Toughening stretchable fibers via serial fracturing of a metallic core

↵† Present address: Department of Aerospace Engineering, Auburn University, Auburn, AL 36849-5338, USA. Tough, biological materials (e.g., collagen or titin) protect tissues from irreversible damage caused by external loads. Mimicking these protective properties is important in packaging and in emerging applications such as durable electronic skins and soft robotics. This paper reports the formation of tough, metamaterial-like core-shell fibers that maintain stress at the fracture strength of a metal throughout the strain of an elastomer. The shell experiences localized strain enhancements that cause the higher modulus core to fracture repeatedly, increasing the energy dissipated during extension. Normally, fractures are catastrophic. However, in this architecture, the fractures are localized to the core. In addition to dissipating energy, the metallic core provides electrical conductivity and enables repair of the fractured core for repeated use. The fibers are 2.5 times tougher than titin and hold more than 15,000 times their own weight for a period 100 times longer than a hollow elastomeric fiber. Tough materials found in nature maintain the structural integrity of many biol...

Agritechnica 2015 preview: Celebrating innovation as this year’s winners are announced – NEWS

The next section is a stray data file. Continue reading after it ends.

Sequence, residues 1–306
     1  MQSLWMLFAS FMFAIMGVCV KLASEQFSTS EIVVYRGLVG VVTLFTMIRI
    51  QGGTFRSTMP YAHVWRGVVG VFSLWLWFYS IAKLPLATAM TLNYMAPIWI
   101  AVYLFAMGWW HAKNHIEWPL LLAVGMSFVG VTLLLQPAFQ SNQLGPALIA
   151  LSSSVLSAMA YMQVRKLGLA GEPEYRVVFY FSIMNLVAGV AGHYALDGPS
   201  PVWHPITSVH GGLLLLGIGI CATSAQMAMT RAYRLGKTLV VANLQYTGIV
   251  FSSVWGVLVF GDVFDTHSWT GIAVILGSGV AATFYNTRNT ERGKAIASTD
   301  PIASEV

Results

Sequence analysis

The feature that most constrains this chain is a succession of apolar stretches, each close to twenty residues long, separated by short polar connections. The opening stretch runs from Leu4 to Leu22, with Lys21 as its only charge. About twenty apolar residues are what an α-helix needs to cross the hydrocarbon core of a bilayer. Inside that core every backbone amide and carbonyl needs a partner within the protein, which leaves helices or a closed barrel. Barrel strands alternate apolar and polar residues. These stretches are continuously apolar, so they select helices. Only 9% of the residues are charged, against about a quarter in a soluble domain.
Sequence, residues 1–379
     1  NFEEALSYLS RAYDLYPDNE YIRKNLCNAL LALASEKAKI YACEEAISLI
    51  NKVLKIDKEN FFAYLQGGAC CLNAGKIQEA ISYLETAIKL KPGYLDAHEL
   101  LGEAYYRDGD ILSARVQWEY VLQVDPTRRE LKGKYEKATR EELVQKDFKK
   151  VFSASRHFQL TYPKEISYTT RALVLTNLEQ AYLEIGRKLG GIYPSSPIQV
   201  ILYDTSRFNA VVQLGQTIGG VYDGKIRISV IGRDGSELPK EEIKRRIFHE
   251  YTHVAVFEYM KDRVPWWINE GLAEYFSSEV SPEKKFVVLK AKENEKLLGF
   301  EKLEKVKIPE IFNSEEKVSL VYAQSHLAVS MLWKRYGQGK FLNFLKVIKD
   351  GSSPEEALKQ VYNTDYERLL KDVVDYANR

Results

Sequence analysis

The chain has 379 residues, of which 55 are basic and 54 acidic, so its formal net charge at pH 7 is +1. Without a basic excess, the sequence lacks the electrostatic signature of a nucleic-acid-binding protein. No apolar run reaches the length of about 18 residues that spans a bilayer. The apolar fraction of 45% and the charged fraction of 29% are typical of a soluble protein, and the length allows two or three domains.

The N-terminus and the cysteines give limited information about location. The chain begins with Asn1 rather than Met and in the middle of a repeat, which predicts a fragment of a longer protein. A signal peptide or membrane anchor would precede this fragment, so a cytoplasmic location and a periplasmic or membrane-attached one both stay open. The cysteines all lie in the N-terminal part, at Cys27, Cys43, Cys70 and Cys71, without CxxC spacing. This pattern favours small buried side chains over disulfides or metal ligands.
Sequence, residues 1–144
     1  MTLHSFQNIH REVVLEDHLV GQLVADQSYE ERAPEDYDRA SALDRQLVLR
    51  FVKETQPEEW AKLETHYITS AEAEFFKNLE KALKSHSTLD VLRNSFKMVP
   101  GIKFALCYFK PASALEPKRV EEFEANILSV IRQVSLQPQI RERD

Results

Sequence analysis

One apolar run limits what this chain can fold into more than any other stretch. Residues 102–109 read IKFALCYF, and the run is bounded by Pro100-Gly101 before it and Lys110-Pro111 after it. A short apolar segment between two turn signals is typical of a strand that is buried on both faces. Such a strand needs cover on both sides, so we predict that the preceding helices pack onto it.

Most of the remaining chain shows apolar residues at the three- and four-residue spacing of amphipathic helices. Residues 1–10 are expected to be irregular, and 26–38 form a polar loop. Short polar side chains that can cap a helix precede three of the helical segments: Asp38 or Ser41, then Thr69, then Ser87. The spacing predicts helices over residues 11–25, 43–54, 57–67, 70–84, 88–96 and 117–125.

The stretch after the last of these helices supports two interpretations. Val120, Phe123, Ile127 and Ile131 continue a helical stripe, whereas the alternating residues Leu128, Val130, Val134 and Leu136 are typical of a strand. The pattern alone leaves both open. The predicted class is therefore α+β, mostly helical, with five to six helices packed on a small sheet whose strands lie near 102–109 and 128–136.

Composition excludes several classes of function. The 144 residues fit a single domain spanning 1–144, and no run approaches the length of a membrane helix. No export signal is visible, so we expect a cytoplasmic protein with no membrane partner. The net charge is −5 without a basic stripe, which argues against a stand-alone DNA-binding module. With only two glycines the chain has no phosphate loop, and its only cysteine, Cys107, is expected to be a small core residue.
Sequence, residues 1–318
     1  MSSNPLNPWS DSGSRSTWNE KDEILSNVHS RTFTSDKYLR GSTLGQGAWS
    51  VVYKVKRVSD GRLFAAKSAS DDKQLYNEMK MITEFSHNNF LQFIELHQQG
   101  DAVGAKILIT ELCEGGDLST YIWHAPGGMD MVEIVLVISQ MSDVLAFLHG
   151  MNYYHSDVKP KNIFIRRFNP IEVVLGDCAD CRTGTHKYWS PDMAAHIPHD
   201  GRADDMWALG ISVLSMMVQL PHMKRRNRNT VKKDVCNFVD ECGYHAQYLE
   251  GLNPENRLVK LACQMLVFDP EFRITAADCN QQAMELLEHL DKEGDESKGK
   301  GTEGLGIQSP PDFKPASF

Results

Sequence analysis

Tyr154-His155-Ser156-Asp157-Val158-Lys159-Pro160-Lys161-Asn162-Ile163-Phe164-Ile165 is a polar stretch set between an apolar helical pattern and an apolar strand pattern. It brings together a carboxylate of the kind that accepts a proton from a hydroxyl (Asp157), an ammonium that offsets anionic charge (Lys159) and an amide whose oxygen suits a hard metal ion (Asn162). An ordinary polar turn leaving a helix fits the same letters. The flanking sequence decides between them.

With over 300 entries registered in the show’s innovation awards, next month’s Agritechnica looks set to live up to its reputation as an innovation launch pad. Steven Vale details some of the gold and silver medal winners. Operating at pressures of up to 2,000 bar, Krone’s Premos 5000 processes straw swaths into 16mm-diameter pellets. Capable of outputs up to 5,000kg/hr, pellets are transferred to a five-tonne capacity hopper (up to 9cu.m.). Potential uses for the pellets include animal bedding and as livestock feedstuff. Also, with a density of 600-700kg/cu.m (three to four times that of straw bales), 2.5kg of pellets substitutes about 1kg of heating oil. With a tractor power requirement of about 400hp, Krone is keen to test the gold-medal winning machine in hay and lucerne next year, ahead of a possible launch sometime in 2017. John Deere won a gold medal for its ProCut, a technique designed to ensure the knives of its self-propelled forage harvester’s chopping drum are kept sharp. The system uses an inductive method and two sensors to control the gap between the knives and the shearbar. Automatically measuring the sharpness of all knives, the system not only indicates the be...